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Sierra Club names new executive director

Michael Brune, an environmental organizer and head of the Rainforest Action Network, will succeed Carl Pope, who will stay on as executive chairman and devote himself to climate change issues.

January 21, 2010|By Bettina Boxall

The Sierra Club, the nation's largest and oldest environmental advocacy group, has named Michael Brune its next executive director.

A longtime environmental organizer who has headed the Rainforest Action Network for the last seven years, Brune will succeed Carl Pope in March.

Pope, the organization's executive director since 1992, will stay on as executive chairman and devote himself to climate change issues.

Brune is moving from a small, feisty group known for its attention-getting stunts to a pillar of the mainstream environmental movement. The San Francisco-based Sierra Club, founded in 1892 by John Muir, has an $85-million operating budget, 1.3 million members and donors, and a staff of 530.

"The Sierra Club has evolved in the last couple of decades from being an organization that was almost exclusively focused on expanding protection for wild places to focusing more on clean energy and climate change," said Brune, 38. "I'm coming to the Sierra Club because I'm interested in both."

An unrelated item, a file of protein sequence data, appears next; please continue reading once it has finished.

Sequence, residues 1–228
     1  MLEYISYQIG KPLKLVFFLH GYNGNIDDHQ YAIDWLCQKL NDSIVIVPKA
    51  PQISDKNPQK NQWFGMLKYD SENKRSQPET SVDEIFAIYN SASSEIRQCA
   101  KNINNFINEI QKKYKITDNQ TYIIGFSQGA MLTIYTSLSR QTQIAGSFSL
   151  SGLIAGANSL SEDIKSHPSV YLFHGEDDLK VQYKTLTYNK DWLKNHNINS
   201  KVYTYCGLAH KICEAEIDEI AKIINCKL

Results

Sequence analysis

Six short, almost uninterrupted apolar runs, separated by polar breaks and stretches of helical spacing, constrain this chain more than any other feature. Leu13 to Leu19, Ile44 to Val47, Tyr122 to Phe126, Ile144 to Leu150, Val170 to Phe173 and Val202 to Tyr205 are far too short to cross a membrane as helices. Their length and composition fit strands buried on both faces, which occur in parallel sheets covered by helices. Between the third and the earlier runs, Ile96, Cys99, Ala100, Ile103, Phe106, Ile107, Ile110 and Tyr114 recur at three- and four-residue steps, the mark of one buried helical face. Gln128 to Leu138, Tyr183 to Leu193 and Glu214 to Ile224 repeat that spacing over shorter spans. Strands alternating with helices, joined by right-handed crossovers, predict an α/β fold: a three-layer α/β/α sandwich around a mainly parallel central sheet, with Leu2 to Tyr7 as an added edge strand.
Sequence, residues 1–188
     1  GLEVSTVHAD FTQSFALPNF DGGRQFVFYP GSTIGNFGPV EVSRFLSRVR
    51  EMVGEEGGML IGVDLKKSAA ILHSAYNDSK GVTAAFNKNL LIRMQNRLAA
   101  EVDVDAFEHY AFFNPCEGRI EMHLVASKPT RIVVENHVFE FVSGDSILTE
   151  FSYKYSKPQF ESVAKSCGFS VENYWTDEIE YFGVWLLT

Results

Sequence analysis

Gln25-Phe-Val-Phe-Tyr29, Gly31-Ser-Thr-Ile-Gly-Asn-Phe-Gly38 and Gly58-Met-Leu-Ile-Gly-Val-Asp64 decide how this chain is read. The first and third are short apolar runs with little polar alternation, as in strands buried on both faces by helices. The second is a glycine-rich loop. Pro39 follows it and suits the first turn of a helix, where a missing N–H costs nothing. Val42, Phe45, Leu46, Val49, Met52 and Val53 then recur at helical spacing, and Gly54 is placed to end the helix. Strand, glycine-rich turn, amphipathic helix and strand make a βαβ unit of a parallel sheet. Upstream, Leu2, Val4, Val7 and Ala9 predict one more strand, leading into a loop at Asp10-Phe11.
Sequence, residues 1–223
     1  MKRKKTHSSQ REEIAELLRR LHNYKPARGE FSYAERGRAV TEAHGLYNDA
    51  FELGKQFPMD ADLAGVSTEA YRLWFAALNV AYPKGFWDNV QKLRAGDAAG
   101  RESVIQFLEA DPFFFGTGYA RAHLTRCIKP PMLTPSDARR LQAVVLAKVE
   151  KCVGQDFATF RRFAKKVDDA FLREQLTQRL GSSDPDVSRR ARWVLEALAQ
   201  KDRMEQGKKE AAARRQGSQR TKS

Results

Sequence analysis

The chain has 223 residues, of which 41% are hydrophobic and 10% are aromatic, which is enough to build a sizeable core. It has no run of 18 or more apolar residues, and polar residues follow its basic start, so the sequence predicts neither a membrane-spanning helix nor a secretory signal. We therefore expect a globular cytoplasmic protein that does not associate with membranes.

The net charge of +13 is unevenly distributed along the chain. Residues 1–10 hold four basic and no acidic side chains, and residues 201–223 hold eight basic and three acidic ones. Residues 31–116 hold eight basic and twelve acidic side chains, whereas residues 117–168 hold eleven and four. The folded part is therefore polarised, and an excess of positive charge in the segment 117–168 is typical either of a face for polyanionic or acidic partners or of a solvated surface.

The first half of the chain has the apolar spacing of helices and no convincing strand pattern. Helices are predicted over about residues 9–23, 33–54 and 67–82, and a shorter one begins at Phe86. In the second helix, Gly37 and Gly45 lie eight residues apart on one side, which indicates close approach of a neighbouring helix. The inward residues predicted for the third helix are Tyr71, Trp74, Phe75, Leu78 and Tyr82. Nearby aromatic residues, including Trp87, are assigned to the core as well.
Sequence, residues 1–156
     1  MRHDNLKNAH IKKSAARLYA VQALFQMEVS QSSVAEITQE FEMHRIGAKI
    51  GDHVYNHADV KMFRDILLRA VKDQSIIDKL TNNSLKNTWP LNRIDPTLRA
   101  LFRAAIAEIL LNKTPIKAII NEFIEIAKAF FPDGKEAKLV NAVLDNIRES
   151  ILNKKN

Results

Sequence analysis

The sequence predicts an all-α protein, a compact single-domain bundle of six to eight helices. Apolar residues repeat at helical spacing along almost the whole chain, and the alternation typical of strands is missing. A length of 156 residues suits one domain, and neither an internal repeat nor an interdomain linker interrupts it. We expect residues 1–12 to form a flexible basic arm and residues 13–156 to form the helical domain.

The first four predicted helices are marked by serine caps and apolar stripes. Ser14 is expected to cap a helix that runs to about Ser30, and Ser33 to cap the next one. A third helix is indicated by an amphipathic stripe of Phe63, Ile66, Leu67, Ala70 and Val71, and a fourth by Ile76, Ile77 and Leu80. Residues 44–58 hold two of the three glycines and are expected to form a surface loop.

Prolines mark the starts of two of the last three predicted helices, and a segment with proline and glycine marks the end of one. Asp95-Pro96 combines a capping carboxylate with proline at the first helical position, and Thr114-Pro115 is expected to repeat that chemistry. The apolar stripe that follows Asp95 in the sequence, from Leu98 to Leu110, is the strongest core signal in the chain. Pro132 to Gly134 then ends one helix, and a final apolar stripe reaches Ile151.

Brune will be the Sierra Club's sixth executive director and third recruited from the outside. Board President Allison Chin said there were multiple internal candidates, but the board thought Brune was a good fit. "We focused on the temperament of an individual who could come in and embrace the diversity and complexity of the organization and keep trying when it was hard," Chin said. "We've got lots of people with lots of opinions."

Brune, who has undergraduate degrees in economics and finance, previously worked for Greenpeace and the Coastal Rainforest Coalition, now known as ForestEthics. In 1998, he joined Rainforest Action Network, pressuring big business to stop environmentally damaging practices.

One of the San Francisco-based group's best-known campaigns was against Home Depot, which was selling lumber from old-growth forests. Brune got the code to use the intercoms found on every aisle of the big-box stores. "We would grab the microphone and say, 'Attention Home Depot shoppers. We want to draw your attention to the wood in aisle 13: Mahogany doors ripped from the heart of the Amazon rain forest.' " Within four months, he said, Home Depot phased out lumber from endangered forests.

Sierra Club tactics tend to the less theatrical, relying more on lawsuits, lobbying and traditional media campaigns. But "I don't think my hiring necessarily represents a change in tactic" for the club, Brune said.

Pope earned $207,374, according to the group's most recent tax filing. Brune's salary was not disclosed.

bettina.boxall@latimes.com

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